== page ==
Philosophical research is used to examine the underlying principles in any field. An example of philosophical research is a 1999 article by Bennett Reimer published in The Music Educators Journal: "Facing the Risks of the Mozart Effect." This article is a response to the practice of music educators who advocated music education because of its relationship to spatial task performance. A 1993 research report from the Center for the Neurobiology of Learning and Memory, University of California, Irving by Rauscher, Shaw, and Ky is an example of the research literature that supported what became to be known as "the Mozart Effect." Reimer rejects spatial task performance as justification for music education because, according to Reimer's aesthetic philosophy, music education should be justified by its merit as an art, not for extra-musical reasons.
History of Research in American Music Education
In 1837 the Connecticut General Assembly voted to collect educational data. Questionnaires were sent to all Connecticut schools in 1838. Eight questions were about music instruction. This was probably the first attempt in the U.S. to collect data on music instruction on a wide-scale basis and perhaps the earliest example of research in music education.
In 1918 the Educational Council was established by the Music Supervisors National Conference (later the Music Educators National Conference or MENC). The Educational Council published bulletins, mostly based on survey data and including recommendations for the profession. One such bulletin was The Present Status of Music Instruction in Colleges and High Schools 1919-1920. In 1923 the name of the organization was changed form Educational Council to the National Research Council of Music Education. The name changed again in 1932 to the Music Education Research Council. The Journal of Research in Music Education began publication in 1953 under the editorship of Allen Britton. At first many of the articles were based on historical and descriptive research, but in the early 1960s the journal began to shift to experimental research. The Society for Research in Music Education was established in 1960, and in 1963 the Journal of Research in Music Education became its official publication. The MENC Historical Center was established in 1965. In 1978, MENC founded several Special Research Interest Groups.
Price and Chang (2000) provide an overview of the many diverse music education research journals including annotation and publication details for each source. While the Journal of Research in Music Education continues to be the dominant journal in the field, other journals include the Bulletin of the Council for Research in Music Education, The Missouri Journal of Research in Music Education, The Bulletin of Research, Contributions to Music Education, The Bulletin of Historical Research in Music Education, and Update: The Applications of Research in Music Education.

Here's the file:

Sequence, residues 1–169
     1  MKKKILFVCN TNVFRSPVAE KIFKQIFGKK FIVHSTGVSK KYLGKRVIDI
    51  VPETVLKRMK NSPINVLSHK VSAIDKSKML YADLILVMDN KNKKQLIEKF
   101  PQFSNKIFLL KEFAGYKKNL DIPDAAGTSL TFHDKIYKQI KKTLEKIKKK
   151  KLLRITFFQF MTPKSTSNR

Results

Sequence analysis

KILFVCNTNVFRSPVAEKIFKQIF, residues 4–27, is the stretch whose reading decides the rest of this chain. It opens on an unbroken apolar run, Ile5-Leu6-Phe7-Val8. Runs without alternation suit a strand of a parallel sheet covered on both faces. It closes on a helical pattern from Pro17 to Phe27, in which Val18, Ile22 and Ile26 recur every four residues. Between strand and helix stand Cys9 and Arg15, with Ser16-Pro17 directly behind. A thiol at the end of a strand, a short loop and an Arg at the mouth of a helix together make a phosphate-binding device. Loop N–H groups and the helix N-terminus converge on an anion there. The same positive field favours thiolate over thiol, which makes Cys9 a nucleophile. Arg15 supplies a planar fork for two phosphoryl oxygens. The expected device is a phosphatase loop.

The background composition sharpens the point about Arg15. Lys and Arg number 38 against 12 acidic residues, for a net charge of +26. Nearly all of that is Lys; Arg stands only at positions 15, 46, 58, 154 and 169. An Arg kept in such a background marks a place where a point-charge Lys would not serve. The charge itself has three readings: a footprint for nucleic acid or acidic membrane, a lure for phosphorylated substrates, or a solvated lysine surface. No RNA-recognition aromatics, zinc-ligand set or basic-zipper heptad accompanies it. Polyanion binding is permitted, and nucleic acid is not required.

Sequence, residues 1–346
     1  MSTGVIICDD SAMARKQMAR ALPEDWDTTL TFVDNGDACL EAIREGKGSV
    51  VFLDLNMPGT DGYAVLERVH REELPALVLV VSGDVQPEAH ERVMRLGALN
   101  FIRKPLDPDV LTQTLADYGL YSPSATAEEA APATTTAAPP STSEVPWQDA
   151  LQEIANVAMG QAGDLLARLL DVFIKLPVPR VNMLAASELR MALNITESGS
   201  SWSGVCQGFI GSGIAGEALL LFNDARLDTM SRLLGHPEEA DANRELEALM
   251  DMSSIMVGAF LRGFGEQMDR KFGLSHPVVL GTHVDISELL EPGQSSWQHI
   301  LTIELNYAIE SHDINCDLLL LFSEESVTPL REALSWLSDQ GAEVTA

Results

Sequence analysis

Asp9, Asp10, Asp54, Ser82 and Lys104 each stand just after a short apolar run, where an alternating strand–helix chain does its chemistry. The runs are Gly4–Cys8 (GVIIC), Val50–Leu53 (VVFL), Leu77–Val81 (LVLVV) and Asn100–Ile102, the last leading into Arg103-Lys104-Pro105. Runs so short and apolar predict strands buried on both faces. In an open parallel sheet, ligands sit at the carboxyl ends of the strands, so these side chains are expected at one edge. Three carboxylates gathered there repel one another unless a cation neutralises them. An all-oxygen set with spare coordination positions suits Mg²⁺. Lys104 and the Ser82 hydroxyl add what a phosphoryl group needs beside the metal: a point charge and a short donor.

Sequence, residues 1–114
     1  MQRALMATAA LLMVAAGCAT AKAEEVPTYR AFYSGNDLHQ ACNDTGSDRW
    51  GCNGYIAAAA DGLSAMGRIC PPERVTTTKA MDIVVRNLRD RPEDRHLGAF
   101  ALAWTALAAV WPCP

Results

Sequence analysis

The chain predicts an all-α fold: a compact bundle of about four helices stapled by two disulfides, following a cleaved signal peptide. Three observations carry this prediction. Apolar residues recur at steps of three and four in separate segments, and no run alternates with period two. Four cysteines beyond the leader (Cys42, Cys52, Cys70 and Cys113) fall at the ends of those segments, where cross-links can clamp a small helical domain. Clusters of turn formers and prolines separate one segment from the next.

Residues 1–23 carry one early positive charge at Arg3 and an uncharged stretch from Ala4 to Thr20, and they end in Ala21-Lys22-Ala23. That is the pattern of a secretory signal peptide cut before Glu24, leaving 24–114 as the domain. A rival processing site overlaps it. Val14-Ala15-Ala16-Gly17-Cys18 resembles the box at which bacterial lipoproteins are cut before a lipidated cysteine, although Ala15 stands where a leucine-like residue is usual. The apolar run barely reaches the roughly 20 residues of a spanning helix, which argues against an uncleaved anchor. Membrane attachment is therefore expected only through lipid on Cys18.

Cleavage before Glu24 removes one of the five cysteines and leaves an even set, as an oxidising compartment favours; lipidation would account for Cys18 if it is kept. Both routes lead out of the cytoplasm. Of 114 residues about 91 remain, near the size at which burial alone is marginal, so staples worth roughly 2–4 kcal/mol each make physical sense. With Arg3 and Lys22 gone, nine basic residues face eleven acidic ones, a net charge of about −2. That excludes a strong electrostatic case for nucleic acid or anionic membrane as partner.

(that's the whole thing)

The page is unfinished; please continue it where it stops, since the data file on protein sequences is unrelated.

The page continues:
Handbook of Research on Music Teaching and Learning
One of the dominant events in the field of music education research was the 1992 publication of the Handbook of Research on Music Teaching and Learning. Edited by Richard Colwell, the Handbook contains fifty-five chapters written by more than seventy scholars. Colwell edited a second volume in 2002, The New Handbook of Research on Music Teaching and Learning.
To see the shift of emphasis that has taken place in music education research in recent years, one need only compare the contents of the 1992 volume and the 2002 volume. The inclusion of sections on "Conceptual Framework" and "Evaluation" in the 1992 volume is evidence of emphasis on standards and a set body of knowledge. The absence of similar sections in the 2002 volume is evidence of a shift toward a pragmatic philosophical and a constructivist teaching theory. The inclusion of a section on "related arts" in the 2002 volume recalls the research of the late 1960s and 1970s.
Broomhead, P. (2001). Individual expressive performance: Its relationship to ensemble achievement, technical achievement, and musical background. Journal of Research in Music Education, 49, 71–84. doi:10.2307/3345811
Colwell, R. (Ed.). (1992). Handbook of research on music teaching and learning. New York, NY: Schirmer Books.
Colwell, R., & Richardson, C. (Eds.). (2002). The new handbook of research on music teaching and learning. New York, NY: Oxford University Press.
Gruhn, W. (1993). Is Lowell Mason's Manual based on Pestalozzian principles? An inquiry into the controversy of methods in the nineteenth century. Bulletin of Historical Research in Music Education, 14, 92–101.
Mark, M. L., & Gary, C. L. (1999). A history of American music education (2nd ed.). Reston, VA: National Association for Music Education.
Phelps, R. P., Ferrara, L., & Goolsby, T. W. (1993). A guide to research in music education. Metuchen, NJ: Scarecrow Press.
Prickett, C .A., & Bridges, M. S. (2000). A comparison of the basic song repertoire of vocal/choral and instrumental music education majors. Journal of Research in Music Education, 48, 5–9. doi:10.2307/3345452